Recently we spent a long weekend in Paris – our first trip back to that city since the pandemic. Since we like to look at art, we bought a Museum Pass, and visited 7 museums in 4 days. Yeah, we’re a little nuts.
Here’s a short summary of our trip – with lots of pictures of art.
Musée de Cluny (Musée Nationale du Moyen Age)
This museum of the Middle Ages, on the location of ancient Roman baths, was reopened the day before our visit after an extensive two year renovation. The museum includes many works of art from medieval churches all over France, many of which no longer exist. Although the collection has always been stunning, the renovation has improved the display of the art so it can now be more easily seen.
One room featured small works of medieval stained glass, previously parts of large windows high above the ground, which can now be seen at eye level. Here is St. Martin of Tours sharing his cloak with a poor man (a popular medieval subject).
The collection of high-quality statuary included this stunning altarpiece and a statue of a Reading Pilgrim (always good to see readers in history).
This 14th C golden rose was designed for a French pope by a Sienese artist. The museum caption noted that the rose was an annual award, with a different artist chosen each year. I wonder what happened to the rest of them.
The museum’s most famous works, though, are the Lady and the Unicorn tapestries, which were executed in Flanders from French designs around 1500.
There are six tapestries – one for each of the five senses. Some of the depictions of the senses are easily understood (musical instruments for Hearing), but I was glad to have the museum captions to explain that the depiction of the Lady serving sweets to her animals represented Taste.
The tapestry illustrating Vision was particularly interesting because it depicts a unicorn looking at his own reflection. Medieval mirrors were polished metal, not glass (the first crystal mirrors were not available until the late 16th C), and the images by our standards were kind of fuzzy. So this unicorn gazing at his own reflection was a flight of fantasy, imagining a technology that did not yet exist.
A sixth tapestry contains the words “a mon seul desire.” The exact meaning of this tapestry and its relation to the others is unknown, although it was clearly done at the same time – the same wonderful collection of birds and animals, the same Lady – and the same little dog.
This is another museum that, as with several prior visits, seemed a bit less crowded than other more well-known sights. Highly recommended.
This is one of our favorite museums in Paris. It’s got a stunning collection of paintings by Monet, from different periods of his life. These landscapes are from the 1880s.
This painting of Water Lilies was completed around 1919.
The museum also has a wonderful collection of works by Berthe Morisot. Here’s a self-portrait (1885) and a portrait of her husband Eugene Manet on the Isle of Wight (1875).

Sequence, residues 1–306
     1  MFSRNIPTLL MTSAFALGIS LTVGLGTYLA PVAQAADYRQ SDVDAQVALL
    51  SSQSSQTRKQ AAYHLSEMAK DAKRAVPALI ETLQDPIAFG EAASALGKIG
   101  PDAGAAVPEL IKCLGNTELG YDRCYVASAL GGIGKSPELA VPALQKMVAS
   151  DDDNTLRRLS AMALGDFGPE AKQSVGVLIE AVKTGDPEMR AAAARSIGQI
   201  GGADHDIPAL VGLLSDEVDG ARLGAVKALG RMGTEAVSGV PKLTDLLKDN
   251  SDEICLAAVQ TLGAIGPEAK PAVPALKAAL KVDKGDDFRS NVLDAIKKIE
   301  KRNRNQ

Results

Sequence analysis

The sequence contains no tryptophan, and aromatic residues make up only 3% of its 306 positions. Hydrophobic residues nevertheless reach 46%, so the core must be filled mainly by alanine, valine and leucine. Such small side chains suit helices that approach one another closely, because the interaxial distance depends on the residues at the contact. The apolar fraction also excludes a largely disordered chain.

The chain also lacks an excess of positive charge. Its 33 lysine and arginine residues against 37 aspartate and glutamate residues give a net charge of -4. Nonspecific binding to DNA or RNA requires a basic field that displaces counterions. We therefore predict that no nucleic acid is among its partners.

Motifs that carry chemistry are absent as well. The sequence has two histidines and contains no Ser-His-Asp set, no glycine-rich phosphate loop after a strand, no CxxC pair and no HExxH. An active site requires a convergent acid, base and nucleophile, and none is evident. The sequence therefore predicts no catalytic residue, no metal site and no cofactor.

I was also charmed by this portrait of Berthe’s daughter, Julie Manet, with her dog in the Bois de Boulogne.
Somewhat surprisingly, this museum has never been crowded when we’ve visited (although admittedly we’ve never tried to go there in midsummer). That may be because it’s in the 16th Arrondissement, a 15-minute Metro ride from central Paris. Whatever the reason, this museum is well worth your time.
The Musée d’Orsay is one of the best known museums in Paris and there were plenty of people here. Fortunately our purchase of the Museum Pass allowed us to skip the line, with only a brief salute to the guarding elephant.
Obviously there are dozens of famous paintings in this museum – here are a few of our favorites.
Manet’s Olympia is one of the most reproduced paintings in the world. Every time I see it, though, I notice something new. This time, I realized how much of this painting was in shades of black and white, making the few points of color all the more striking.
Berthe Morisot, a student of Édouard Manet, eventually married Édouard’s brother Eugene, in part so she could continue to paint with Édouard. We don’t know Édouard’s true feelings for Berthe – you be the judge.
More shades of white, in this Monet.
The Impressionists were famous for their landscapes – here are examples from Monet (Poppies, 1872), Morisot (Chasing Butterflies, 1874), and Pissarro (Landscape at Eragny, 1870).
Some wonderful portraits by Renoir of Claude Monet (1875) and Julie Manet (1887)
I’ve always loved this painting by Caillebotte.
And there’s a whole room full of Van Goghs, including these flowers (1887) and a self-portrait (1889).
In addition to the regular collection, there was a special exhibit of furniture designed by Antonio Gaudi. For some of his private clients, he was both architect and interior designer.
Musée Nissim de Camondo
In the mid-19th C, the family of Moises de Camondo, Sephardic Jews from Istanbul, moved to Paris to take advantage of economic opportunities in a city relatively open to foreigners. They were spectacularly successful – so much so that in 1911, Moises built a new home, at the entrance to the Parc Monceau. The home had a modern floor plan (including hallways instead of one room following another), modern kitchen facilities and bathrooms, even an elevator.
But the living quarters were filled with Moises’ spectacular collection of 18th C French art – not just paintings, but furniture, carpets, screens and tableware. Most of the pieces were executed in the latter part of the 18th C – the reign of Louis XVI. As a result, there is an artistic unity of design in the house that makes is particularly pleasing to visit.
This room, at the center of the house, is in the shape of an octagon.
This Sevres porcelain service features paintings of birds – each a unique piece.
Moises moved into his new home in 1914, with his two adult children, Nissim and Beatrice. (Moises’ wife Irene had left him many years before. ) But they had been living in the house as a family for only a few months when World War I intervened.
Nissim, a member of the French Air Force, was shot down in 1917. Beatrice, who had little interest in her father’s art collection, eventually moved to a Paris suburb with her family Moises, living alone, spent the rest of his life donating generously to French art institutions, while seeking out and adding pieces to his personal collection. When he died, in 1935, he left his magnificent home, with all its furnishings, to the French state as a museum.